April 12, UW's English Department hosted the Tri-University Graduate Symposium (TUGS) for English graduate students. GI members participated in the event: Diana Moreno and AC Atienza presented research, Becky Anderson was Panel Chair for Adaptation and Disability in Film, Justin Carpenter was a Panel Chair for Methodologies in the Humanities, and Brian Freiter was Event Photographer and took care of registration.
Shoutout to the Event Organizing Committee, Asma Khaliq, Sara Gallagher, and Ashley Irwin!
Diana Moreno, a PhD student studying science fiction in the context of society's relationship to technologies such as AI and Cybernetics, presented a paper entitled "Speculation and the Power of Rhetorical Conditionals". In this paper she explained that rhetorical conditionals are speculative statements used to talk about hypotheticals and their consequences, and are very important for scientific thinking.
According to Moreno, fiction and imagination are a part of how we form scientific understandings because Counterfactual thinking acts as mental representations that help us work on complex scenarios and create explanations for inconveniences. Rhetorical conditionals are a means by which we challenge conceptual worldviews and learn from the past, thereby allowing us to plan for better futures.
AC Atienza is a Master's student of English who studies how traditional literary criticism paradigms can inform game design. They presented a paper entitled "The Rhetoric of Feasibility" that discussed how appealing to cognitive feasibility can make rhetorical arguments more convincing and more likely to evoke audience buy-in. According to Atienza,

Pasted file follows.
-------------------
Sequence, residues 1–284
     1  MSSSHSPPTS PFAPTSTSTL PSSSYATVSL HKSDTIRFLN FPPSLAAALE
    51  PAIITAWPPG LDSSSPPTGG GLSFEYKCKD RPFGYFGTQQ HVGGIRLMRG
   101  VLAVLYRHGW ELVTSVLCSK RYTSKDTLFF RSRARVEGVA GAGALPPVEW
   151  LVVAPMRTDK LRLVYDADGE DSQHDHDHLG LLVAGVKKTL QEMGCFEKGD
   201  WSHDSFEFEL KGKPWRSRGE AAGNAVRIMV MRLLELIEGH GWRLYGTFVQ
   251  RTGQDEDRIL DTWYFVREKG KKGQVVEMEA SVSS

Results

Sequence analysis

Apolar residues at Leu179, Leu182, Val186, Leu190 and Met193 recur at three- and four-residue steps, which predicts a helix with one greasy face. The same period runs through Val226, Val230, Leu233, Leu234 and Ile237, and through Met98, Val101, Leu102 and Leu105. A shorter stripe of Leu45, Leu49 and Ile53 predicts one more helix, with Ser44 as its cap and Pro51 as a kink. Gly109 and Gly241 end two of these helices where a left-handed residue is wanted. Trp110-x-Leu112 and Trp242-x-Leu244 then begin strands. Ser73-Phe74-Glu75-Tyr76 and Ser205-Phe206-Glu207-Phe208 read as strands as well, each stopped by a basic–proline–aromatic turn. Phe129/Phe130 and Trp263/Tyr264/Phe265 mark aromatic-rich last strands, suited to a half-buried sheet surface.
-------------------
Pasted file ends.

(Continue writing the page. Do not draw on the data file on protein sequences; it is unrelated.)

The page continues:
Facts don’t mean as much to people […] they accept [arguments] in accordance with how it already fits within their ideological beliefs.
Atienza argued that representational models like games aren't just procedural rhetoric but are also teaching tools that aid arguments independently of those models. Interactive systems, like games, that teach individuals how to "follow through" with the act of shifting their ideologies or behaviours, may be useful in strengthening traditional rhetorical arguments around topics like climate change or the gender binary.
TUGS is hosted yearly by the English graduate associations at the University of Waterloo, University of Guelph, and Wilfred Laurier University. Every year, the location and organizer committee for TUGS alternates to one of the three aforementioned universities. To see the full list of presenters at the 2019 TUGS, check out this link.